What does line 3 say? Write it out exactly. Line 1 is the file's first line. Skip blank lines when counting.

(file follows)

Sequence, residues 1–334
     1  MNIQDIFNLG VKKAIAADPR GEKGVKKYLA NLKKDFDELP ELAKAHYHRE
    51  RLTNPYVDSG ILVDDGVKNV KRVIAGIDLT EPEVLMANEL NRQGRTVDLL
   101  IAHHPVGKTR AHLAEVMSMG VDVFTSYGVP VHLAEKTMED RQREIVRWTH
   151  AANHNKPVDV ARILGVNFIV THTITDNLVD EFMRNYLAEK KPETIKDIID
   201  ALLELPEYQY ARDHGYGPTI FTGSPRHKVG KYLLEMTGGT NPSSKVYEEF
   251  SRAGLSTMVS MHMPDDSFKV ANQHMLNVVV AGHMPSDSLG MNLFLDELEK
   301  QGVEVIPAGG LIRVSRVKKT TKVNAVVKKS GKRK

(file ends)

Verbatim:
    51  RLTNPYVDSG ILVDDGVKNV KRVIAGIDLT EPEVLMANEL NRQGRTVDLL